Thursday, December 28, 2023

Warning Shot (1966)

Warning Shot is an all but forgotten 1966 crime thriller that really does not deserve to be forgotten. It’s not a masterpiece, it wasn’t ground-breaking, but it’s a well-crafted movie with the feel of a good B-movie. Although it’s a stretch (and quite a big stretch) I guess you could just about get away with seeing this movie as having a very slight hint of film noir. Very slight.

David Janssen (a huge star at the time thanks to The Fugitive) headlines and the supporting cast is extraordinary - Stefanie Powers, Ed Begley, Joan Collins, Keenan Wynn, George Sanders, Lillian Gish, Eleanor Parker, Carroll O’Connor, Walter Pidgeon.

The basic setup is hardly dazzlingly original. Janssen is Detective Sergeant Tom Valens. He’s staking out an apartment building (trying to catch a psycho killer) on a very foggy night. A guy leaves the apartment house. He’s acting furtively and when he sees Valens he runs, Valens gives chase, the guy draws a gun and Valens shoots him dead. It would be an open-and-shut case of a cop shooting in self-defence except for one thing. The guy’s gun cannot be found, leading to the suspicion that there was no gun. Now Tom Valens is facing a manslaughter charge.

What makes things really sticky for Valens is that the guy he shot turns out to have been not just a doctor, but a doctor with a reputation for being just about a living saint. The public and the press are baying for Valens’ blood. The icing on the cake is that the D.A. has a personal dislike for Tom Valens.

As invariably happens in such stories Valens decides that the only way to save his career is to find out what really happened that night. He’s on suspension but he’s going to investigate the case anyway.

He has a suspicion that maybe the doctor wasn’t such a saint after all. He comes up with a couple of theories that might explain the doctor’s suspicious behaviour (the most obvious being that he was visiting his mistress).

These theories don’t quite pan out but Valens has to keep digging.

So in its essentials it’s a routine story. That doesn’t matter. What matters is not the originality of a story but how well it is told, and in this case it’s told pretty well.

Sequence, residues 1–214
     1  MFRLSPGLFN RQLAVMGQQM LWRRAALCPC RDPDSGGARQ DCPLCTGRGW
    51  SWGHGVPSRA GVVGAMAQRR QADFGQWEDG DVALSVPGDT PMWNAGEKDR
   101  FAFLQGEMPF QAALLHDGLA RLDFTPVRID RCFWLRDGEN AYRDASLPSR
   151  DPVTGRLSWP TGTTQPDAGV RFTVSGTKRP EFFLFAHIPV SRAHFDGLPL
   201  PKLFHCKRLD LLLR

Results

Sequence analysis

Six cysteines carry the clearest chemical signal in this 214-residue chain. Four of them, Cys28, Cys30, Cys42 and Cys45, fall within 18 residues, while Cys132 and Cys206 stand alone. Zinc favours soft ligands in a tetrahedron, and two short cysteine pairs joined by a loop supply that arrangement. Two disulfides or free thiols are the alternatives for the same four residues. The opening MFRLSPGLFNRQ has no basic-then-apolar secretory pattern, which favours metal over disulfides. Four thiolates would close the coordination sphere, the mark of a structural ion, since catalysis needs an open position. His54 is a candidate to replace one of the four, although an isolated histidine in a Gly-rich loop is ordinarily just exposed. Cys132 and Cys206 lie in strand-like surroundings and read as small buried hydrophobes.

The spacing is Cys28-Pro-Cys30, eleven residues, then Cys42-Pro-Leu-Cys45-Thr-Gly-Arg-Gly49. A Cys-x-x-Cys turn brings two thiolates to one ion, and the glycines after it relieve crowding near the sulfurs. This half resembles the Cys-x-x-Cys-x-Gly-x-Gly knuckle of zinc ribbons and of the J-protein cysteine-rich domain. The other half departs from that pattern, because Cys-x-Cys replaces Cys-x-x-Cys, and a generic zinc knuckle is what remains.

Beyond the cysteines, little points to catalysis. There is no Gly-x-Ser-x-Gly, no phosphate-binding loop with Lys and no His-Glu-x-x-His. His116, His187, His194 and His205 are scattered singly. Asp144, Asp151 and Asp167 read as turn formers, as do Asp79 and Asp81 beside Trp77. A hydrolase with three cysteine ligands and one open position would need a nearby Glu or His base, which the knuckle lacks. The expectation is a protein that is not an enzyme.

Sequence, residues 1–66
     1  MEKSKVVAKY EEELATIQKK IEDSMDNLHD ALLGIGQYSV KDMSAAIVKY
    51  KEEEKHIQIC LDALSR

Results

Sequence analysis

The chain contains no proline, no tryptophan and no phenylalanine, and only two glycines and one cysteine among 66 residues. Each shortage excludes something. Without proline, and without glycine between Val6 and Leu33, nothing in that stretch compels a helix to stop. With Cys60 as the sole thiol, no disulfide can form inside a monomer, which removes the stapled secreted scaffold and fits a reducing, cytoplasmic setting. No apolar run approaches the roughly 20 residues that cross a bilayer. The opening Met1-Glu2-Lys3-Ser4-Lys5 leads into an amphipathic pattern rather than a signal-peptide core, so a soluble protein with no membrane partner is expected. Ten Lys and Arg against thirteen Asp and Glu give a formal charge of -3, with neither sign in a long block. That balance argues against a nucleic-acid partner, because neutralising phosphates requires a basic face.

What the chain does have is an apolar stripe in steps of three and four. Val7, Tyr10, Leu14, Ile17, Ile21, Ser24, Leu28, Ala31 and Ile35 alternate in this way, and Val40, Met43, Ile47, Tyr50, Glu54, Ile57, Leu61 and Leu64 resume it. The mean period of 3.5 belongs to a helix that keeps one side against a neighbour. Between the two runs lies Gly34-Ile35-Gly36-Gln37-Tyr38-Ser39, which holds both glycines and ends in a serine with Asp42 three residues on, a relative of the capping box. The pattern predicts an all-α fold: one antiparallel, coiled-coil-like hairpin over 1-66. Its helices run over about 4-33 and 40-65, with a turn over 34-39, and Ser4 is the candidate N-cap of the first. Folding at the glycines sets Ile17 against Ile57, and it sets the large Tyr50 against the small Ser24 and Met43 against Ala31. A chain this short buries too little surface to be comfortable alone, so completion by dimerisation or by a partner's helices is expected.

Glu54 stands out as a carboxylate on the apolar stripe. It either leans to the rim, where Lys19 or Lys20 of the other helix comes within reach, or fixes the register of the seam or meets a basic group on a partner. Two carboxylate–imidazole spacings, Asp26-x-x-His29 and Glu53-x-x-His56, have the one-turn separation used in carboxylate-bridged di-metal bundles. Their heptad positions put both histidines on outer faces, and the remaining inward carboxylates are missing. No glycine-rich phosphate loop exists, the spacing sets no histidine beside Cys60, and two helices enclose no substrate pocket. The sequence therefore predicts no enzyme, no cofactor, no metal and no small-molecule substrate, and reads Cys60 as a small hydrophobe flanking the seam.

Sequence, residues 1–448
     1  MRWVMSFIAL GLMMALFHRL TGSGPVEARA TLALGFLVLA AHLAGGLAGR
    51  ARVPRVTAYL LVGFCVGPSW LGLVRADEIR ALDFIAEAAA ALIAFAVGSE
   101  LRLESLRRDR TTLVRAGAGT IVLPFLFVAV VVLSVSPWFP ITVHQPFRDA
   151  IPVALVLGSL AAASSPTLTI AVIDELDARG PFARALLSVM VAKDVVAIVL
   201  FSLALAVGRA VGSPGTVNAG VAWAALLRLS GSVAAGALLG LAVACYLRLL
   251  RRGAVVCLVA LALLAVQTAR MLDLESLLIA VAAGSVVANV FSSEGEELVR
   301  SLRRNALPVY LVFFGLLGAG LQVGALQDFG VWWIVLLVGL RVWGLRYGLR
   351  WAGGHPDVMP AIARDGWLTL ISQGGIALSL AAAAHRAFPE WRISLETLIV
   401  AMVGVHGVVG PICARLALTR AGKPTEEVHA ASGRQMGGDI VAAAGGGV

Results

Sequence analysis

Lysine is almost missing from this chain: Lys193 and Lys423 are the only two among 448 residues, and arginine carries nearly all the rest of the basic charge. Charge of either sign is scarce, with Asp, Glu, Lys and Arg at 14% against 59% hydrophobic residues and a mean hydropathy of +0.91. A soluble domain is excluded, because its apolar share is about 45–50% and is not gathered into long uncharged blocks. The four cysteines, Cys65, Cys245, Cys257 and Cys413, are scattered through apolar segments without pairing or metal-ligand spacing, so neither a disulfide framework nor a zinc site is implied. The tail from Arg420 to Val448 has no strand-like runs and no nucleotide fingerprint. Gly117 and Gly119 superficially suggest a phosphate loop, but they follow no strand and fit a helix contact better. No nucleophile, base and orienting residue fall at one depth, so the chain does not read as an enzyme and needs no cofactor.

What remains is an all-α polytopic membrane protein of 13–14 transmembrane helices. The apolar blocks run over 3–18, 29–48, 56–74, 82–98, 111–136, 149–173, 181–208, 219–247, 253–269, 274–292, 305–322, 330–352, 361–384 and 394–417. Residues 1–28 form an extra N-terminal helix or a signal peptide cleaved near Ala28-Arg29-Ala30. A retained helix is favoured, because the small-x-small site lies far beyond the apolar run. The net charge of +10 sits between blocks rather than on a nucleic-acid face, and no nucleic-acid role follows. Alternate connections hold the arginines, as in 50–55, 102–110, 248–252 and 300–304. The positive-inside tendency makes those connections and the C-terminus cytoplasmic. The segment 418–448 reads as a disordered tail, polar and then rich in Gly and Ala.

Tom Valens makes a good hero. He’s sympathetic without being too sympathetic, he’s smart but not too smart, he’s a good cop but not a perfect one. He makes mistakes. He follows the wrong leads. But he keeps trying. Janssen was good at playing imperfect heroes and he does a fine job.

He makes mistakes in his personal life as well. His divorce from his wife Joanie (Joan Collins) is about to become final. Joanie is still willing to try to save the marriage. She’s a nice lady. She loves him. He’d be a fool to push her away. But he does.

Those extraordinary supporting players mostly get limited screen time but Lillian Gish and Eleanor Parker make the most of their opportunities. Joan Collins is good and looks stunning.

The plot setup is standard but there are some nice twists.

The most significant thing about this movie is the timing. It came out in 1966. A year later Bonnie and Clyde was released. The tone and the style of crime movies changed dramatically overnight. The tone and style of movies in general changed at that time. 1967 was a pivotal year. As far as crime movies are concerned 1967 also saw the release of Point Blank but it was Bonnie and Clyde that had the biggest impact. Almost overnight movies like Warning Shot seemed hopelessly old-fashioned. And were quickly forgotten.

Seeing it now it’s Warning Shot’s old-fashioned vibe that gives it its appeal. It’s like a classic 1950s crime B-movie.

Another movie that suffered the same fate as Warning Shot and was also unfairly forgotten is The Money Trap from 1965 which is an actual classic film noir, not a neo-noir.

Warning Shot is extremely well-crafted (and superbly shot with some great atmosphere)

in the classical Hollywood style and that classical style has a lot to be said for it. I personally prefer it to the new style that emerged post-1967. This is a thoroughly entertaining movie and it’s highly recommended.

The Kino Lorber release offers a very good transfer and there’s an audio commentary.

Saturday, December 23, 2023

The Spider and the Fly (1949)

The Spider and the Fly is a 1949 British crime thriller directed by Robert Hamer.

The setting is France in 1913, the last days of La Belle Epoque. Fernand Maubert (Eric Portman) is a senior police detective and he’s a man wth an obsession. That obsession is Philippe de Ledocq (Guy Rolfe), a brilliant criminal. Maubert is convinced that Philippe has been behind a series of daring robberies but somehow Philippe always has an unbreakable alibi.

After a recent bank robbery Maubert did manage to detain Philippe’s accomplice, the very pretty Madeleine Saincaize (Nadia Gray). Madeleine is Philippe’s mistress. Maubert had no real evidence against her. He had hoped that she might betray Philippe but Madeleine is hopelessly in love with the master criminal.

Maubert and Philippe are on quite friendly terms. In fact the two men like each other. Maubert disapproves of criminals and is therefore determined to convict Philippe but mostly what annoys Maubert is that Philippe was born into privilege and power. Maubert cannot understand why such a man would betray his family and his upbringing and turn to crime.

Philippe likes and admires Maubert as a man but he strongly disapproves of policemen.

The first two-thirds of the movie is a cat-and-mouse game between Maubert and Philippe. Philippe is clever but Maubert is dogged.

Madeleine provides a complication. She has been Philippe’s mistress but Maubert is falling for her. Maubert is also hoping to use her in order to trap Philippe, so Maubert’s motivations are rather murky.